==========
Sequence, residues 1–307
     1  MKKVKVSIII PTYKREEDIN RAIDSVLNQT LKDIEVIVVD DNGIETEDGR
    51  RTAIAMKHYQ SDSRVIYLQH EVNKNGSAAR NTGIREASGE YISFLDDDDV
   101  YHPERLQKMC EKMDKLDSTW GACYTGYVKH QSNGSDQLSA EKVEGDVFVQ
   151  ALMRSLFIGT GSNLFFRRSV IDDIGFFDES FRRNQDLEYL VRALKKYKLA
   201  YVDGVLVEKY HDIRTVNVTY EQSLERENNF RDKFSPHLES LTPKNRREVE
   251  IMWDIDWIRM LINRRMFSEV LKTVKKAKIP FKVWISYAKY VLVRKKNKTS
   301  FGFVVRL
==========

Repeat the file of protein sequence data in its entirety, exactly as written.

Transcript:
Sequence, residues 1–307
     1  MKKVKVSIII PTYKREEDIN RAIDSVLNQT LKDIEVIVVD DNGIETEDGR
    51  RTAIAMKHYQ SDSRVIYLQH EVNKNGSAAR NTGIREASGE YISFLDDDDV
   101  YHPERLQKMC EKMDKLDSTW GACYTGYVKH QSNGSDQLSA EKVEGDVFVQ
   151  ALMRSLFIGT GSNLFFRRSV IDDIGFFDES FRRNQDLEYL VRALKKYKLA
   201  YVDGVLVEKY HDIRTVNVTY EQSLERENNF RDKFSPHLES LTPKNRREVE
   251  IMWDIDWIRM LINRRMFSEV LKTVKKAKIP FKVWISYAKY VLVRKKNKTS
   301  FGFVVRL